CHICAGO — By the time Joel Quenneville finally boarded the Blackhawks team plane after their cathartic Stanley Cup celebration, the champagne on his suit had dried but adrenaline still coursed through his veins.
Even around 2 a.m. Tuesday, Quenneville still felt like chatting about his team achieving the hardest trophy in sports to win, the one he used to dream about hoisting as a kid learning the game in the Riverside Minor Hockey Association in Windsor, Ontario.
So the first call Quenneville made after winning his second Cup went to the person who would understand most what the championship meant to him. He knew the number by heart. Gloria Quenneville has lived on St. Mary's Boulevard since Joel grew his first mustache.
"My mum watched most of the playoff games by herself but on that night she had all the kids and their husbands and wives and said, 'It was unbelievable,"" said Quenneville, who has two brothers and two sisters. "I'm so happy they got to celebrate at the house. She said they all went crazy and were dancing.
"They later told me my mum had the best time of her life. At the end, my mum said, 'I think I might have had too much to drink.""
The former St. Louis Blues coach laughed heartily sharing the story of his 81-year-old mother getting tipsy toasting his success. A Stanley Cup hangover indeed.
How many people in Chicago can relate during days full of imbibing that turned into an impromptu Blackhawks Convention culminating with Friday's parade? Before it ends, raise a glass to the most level-headed legend a sports city could want, a hockey lifer who humbly acknowledged the history he made becoming only Chicago's fourth coach of a major pro sports team to win multiple titles.
Phil Jackson of the Bulls, George Halas of the Bears and Frank Chance of the Cubs are the others.
"I don't know about the rarity," Quenneville said. "This was one of those years so much fun you say, 'Wow, what a year.' So many special moments here -- that's what I enjoy. I don't think about the other things."
In a market like Chicago, others will. The way Quenneville embodies the image the city embraces -- a rugged yet regular guy regarded as a winner -- increases his Q rating. Yet asked Thursday whether he would try to supplement his income through endorsements a la Mike Ditka circa 1986, Quenneville practically answered in a whisper.
"I'm not worried about that stuff," Quenneville said. "I'm just happy here."
Here where the Quennevilles feel a sense of belonging in a Hinsdale neighborhood full of friends forgiven for decorating his yard with toilet paper. Here where the Blackhawks shrewdly signed Quenneville as a pro scout in September 2008, beginning a five-year plan that would have sounded silly to say out loud. Here where Quenneville began the season within one bad losing streak of losing his job and ended it with an offseason contract extension a matter of when, not if.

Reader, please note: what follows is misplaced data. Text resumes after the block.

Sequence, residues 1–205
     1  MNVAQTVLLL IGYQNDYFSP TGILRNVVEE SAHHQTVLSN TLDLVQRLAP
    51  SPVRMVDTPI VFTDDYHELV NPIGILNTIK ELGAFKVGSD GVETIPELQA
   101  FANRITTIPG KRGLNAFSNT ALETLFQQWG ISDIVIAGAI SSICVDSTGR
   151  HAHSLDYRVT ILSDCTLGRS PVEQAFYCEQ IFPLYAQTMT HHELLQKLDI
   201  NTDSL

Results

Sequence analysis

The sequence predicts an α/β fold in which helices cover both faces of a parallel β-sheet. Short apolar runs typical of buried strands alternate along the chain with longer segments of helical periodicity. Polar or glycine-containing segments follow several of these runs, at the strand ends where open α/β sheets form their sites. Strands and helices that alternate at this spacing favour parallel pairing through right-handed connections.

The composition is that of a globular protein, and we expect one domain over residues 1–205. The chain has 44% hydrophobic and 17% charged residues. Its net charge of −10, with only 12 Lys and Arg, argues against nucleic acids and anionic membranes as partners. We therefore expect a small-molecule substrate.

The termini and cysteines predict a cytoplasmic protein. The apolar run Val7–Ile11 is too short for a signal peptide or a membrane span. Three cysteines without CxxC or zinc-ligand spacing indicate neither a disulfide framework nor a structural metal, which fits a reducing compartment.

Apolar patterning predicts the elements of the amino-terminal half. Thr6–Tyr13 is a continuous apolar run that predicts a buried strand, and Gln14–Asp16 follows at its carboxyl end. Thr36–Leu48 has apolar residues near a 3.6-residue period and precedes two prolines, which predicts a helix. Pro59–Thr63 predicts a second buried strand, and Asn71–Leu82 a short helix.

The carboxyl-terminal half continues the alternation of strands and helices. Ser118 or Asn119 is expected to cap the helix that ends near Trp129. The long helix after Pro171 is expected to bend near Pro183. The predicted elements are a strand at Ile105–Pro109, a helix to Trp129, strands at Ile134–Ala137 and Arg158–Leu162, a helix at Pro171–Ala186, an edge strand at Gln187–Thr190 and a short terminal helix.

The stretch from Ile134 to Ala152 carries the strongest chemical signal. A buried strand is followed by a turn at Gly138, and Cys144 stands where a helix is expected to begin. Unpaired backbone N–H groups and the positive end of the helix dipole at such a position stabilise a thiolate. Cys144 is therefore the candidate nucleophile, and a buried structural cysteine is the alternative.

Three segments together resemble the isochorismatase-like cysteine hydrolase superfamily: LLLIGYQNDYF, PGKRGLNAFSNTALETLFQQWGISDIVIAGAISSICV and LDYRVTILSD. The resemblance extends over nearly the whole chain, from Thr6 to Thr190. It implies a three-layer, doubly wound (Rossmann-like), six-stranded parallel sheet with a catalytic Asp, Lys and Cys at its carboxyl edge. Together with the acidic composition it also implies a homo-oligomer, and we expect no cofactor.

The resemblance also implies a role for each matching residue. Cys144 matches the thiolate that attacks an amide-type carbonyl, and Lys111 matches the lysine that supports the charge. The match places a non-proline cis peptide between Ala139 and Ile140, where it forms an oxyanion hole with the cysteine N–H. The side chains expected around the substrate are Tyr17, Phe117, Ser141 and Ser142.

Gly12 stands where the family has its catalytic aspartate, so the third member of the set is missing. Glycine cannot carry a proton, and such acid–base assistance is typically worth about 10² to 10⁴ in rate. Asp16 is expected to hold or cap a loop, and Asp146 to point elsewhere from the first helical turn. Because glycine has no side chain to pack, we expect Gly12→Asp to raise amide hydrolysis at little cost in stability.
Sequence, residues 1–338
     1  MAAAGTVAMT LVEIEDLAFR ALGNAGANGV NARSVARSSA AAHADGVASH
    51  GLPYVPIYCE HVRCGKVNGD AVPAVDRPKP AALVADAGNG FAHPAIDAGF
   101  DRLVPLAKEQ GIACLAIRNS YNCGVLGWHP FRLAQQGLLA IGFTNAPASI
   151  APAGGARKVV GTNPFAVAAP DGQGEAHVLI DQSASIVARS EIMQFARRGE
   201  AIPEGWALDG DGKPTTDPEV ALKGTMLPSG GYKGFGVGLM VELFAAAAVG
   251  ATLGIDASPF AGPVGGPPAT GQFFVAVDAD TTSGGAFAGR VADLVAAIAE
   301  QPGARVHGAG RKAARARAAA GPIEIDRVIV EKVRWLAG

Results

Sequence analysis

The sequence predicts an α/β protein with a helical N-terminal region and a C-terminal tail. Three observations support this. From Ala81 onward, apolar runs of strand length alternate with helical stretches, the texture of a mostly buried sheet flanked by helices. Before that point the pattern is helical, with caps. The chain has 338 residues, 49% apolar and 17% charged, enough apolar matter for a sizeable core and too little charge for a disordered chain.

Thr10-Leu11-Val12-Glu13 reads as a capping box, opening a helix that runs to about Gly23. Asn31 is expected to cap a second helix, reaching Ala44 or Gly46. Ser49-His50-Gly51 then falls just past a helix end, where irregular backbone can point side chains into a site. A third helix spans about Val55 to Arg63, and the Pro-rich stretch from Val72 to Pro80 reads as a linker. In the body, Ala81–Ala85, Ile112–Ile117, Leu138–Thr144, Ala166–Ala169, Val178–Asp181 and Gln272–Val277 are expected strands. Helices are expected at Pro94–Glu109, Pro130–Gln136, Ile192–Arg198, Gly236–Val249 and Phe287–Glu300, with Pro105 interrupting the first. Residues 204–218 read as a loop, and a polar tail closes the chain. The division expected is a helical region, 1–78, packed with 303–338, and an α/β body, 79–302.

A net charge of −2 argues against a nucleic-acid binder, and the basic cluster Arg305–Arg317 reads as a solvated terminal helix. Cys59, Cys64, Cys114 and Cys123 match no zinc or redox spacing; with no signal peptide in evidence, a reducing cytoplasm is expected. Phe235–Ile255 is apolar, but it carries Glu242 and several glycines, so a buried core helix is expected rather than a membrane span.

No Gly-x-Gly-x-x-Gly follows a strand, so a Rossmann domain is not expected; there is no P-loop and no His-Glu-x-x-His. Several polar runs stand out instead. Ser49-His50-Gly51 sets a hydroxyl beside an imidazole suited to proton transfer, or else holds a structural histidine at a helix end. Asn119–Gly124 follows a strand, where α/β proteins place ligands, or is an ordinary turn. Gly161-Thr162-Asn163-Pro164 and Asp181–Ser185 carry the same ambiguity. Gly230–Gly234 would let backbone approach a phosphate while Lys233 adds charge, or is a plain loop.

"There's no one else I'd rather have coaching this group," general manager Stan Bowman reiterated Thursday.
Almost everybody in the Hawks dressing room would concur. Quenneville's appeal goes beyond his consistent preparation and uncanny knack for juggling lines at the right time. Players appreciate the way Quenneville strikes the balance between giving them space and attention. Patrick Sharp praised Quenneville during the Stanley Cup Final for helping him "not only on the ice but in my personal life." Playing 803 NHL games taught Quenneville where the line exists and when to cross it.
"I'm very respectful of the separation, where they're at and where I'm at," Quenneville said.
It helps that Quenneville communicates clear goals for each player in quarterly meetings. The first one establishes individual roles. The rest serve as hockey report cards. No Hall of Fame coach grades on the curve.
"Sometimes with older guys, you get good feedback that's healthy for the process," Quenneville said. "Or sometimes you might have other meetings when you need to get their attention."
No such meeting happened when Quenneville benched Viktor Stalberg for parts of the playoffs. Sometimes, Quenneville the taskmaster still prefers strong actions over words.
"I approached him but we didn't talk," Stalberg said.
Since beating the Bruins in the most dramatic Cup Final-clinching game ever, Quenneville has been chattier than ever thanking people and deflecting praise. But the trademark mask of intensity behind the glass has been replaced by a relaxed, funny exterior his family recognized seeing Quenneville cavort with the Cup.
"My kids tell me I'm a goofball," Quenneville said. "They were showing me with the Cup, what I was doing. I was like, 'I did that?""
Thanks to the resilient team Coach Q coaxed to another title, that wasn't the hardest thing to believe this week on the ice.